Talk About Implications

What real-world applications or theoretical advancements does it suggest? Addressing these questions, the conclusion elevates the research from a mere academic exercise to a meaningful contribution to the field.

Set Up the Limitations

Every research endeavor has its methodological, logistical, or conceptual constraints. Acknowledging these limitations demonstrates transparency and intellectual honesty. It also allows future researchers to build upon the current work, contributing to the ongoing evolution of knowledge in the field.

Guide to the Future Directions

While acknowledging limitations, the conclusion should also offer constructive insights. What areas warrant further investigation? Are there practical applications of the research that could be explored? These recommendations provide a forward-looking perspective, emphasizing the dynamic nature of scholarly inquiry.

Provide a Strong Thesis Statement

It can be a thought-provoking insight, a call to action, or a reflection on the broader implications of the research. A memorable closing statement leaves a lasting impression, reinforcing the work’s significance in the reader’s mind.

Keep It Short

The conclusion is not the place for extensive elaboration. Remember to encapsulate the main points and findings to write a good conclusion for a research paper.

While the introduction of the paper covers the essential elements, it’s crucial to avoid unnecessary repetition or the new information introduction.

Watch Out Your Paper’s Tone

The conclusion should follow suit if the research paper has maintained a formal and academic tone. Similarly, if the paper adopted a more conversational or persuasive style, the conclusion should harmonize with that tone. Consistency in tone enhances the overall coherence and impact of the paper.

By following these steps, you can create a conclusion that effectively summarizes your research and leaves a lasting impression on your readers.

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Dos and Don’ts to End a Research Paper

Here are some tips on how to write a conclusion for a research paper:

  • Primarily, start characterizing your attitude to the topic and substantiating its relevance. Afterward, explain the difficulties you’ve encountered during the analysis. The outcome of this paragraph should be riveting and informative. A professor should convince himself that the student approached the analysis with enthusiasm.
  • Secondly, read all your tasks recollected in the introduction and describe in detail the process of achieving them while writing the thesis. In the concluding paragraph, scribe a brief statement of the ideas resolved based on the evidence contained within the paper. Describe how you coped with the task and summarize your main conclusions.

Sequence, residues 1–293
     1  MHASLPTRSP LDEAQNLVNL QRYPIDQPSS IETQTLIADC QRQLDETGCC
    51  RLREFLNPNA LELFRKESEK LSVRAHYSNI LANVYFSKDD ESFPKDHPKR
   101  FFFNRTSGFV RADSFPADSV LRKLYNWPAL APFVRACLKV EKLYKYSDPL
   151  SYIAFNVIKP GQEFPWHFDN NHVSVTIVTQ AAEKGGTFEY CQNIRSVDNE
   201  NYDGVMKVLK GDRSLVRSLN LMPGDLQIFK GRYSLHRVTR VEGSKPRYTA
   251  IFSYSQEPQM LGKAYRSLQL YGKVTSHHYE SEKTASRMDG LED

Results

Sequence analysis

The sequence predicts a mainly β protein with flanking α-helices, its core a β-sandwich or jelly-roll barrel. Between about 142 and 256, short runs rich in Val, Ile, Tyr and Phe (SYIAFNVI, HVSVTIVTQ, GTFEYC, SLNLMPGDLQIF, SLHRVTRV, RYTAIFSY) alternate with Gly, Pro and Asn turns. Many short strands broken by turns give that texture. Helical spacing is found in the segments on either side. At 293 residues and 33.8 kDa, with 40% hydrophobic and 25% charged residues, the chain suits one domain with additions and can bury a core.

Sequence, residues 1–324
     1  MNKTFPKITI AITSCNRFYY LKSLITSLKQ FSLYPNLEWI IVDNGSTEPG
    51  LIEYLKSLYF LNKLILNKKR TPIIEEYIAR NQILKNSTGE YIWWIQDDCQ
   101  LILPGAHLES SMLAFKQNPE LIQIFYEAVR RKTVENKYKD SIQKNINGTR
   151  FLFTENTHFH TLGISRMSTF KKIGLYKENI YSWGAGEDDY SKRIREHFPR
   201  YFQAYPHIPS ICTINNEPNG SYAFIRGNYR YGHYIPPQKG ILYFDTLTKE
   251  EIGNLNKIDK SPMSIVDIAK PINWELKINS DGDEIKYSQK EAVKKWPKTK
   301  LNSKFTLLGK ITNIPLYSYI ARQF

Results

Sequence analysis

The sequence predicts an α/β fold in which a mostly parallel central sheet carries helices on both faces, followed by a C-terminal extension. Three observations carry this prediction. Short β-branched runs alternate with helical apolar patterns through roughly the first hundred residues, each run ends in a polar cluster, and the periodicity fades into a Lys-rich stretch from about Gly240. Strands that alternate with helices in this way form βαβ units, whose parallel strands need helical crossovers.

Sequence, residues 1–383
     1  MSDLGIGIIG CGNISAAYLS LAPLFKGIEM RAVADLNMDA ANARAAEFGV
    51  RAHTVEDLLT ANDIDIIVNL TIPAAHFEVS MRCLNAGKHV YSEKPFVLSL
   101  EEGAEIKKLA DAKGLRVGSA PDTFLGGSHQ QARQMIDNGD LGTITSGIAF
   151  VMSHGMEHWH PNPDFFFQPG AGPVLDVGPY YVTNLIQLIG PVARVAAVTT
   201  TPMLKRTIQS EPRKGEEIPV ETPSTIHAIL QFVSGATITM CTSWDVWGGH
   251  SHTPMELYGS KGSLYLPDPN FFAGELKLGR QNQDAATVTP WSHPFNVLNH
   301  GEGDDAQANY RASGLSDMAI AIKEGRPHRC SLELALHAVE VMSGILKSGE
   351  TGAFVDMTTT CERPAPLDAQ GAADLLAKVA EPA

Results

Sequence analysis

• Thirdly, make a short description of each section. This helps draw an illation and finish statements giving voice to your ideas. Remember that every paragraph should be linked to the previous one.

It is crucial to keep in mind both the sort of paper you are writing and the main goal while you write a conclusion for research paper.

Among the most important things to leave out of a conclusion are:

  • Make any new claims or introduce new material that does not directly relate to your points in the paper.
  • Incorporate your opinion on the topic or speculate on future research.
  • Summarize what has already been stated in the paper.
  • Insert unrelated anecdotes.
  • Draw overly general conclusions and lab reports that do not fully reflect the evidence presented in the paper. It shows negative aspects to a conclusion.

The conclusion must highlight your most important discoveries in a favorable light and demonstrate how your work advances the field. Thus, it should promote introspection on one’s life and how this subject could apply to society or our lives.

Before you start a conclusion paragraph for a research paper, remember to inspire readers to think about the consequences of your study for a considerable amount of time.

Research Paper Conclusion Example

A research article’s conclusion should use all available data to bolster its findings. It’s crucial to avoid adding any fresh concepts or supporting data in this part. Additionally, the conclusion must highlight the ideas discussed in the paper and throughout the oral presentations.

Consider the best way to summarize the evidence and how it relates to the research paper topic while writing the conclusion. When you write a conclusion in a research paper, provide a thorough justification and a comprehensive grasp of your study.

Research Paper Conclusion Example #1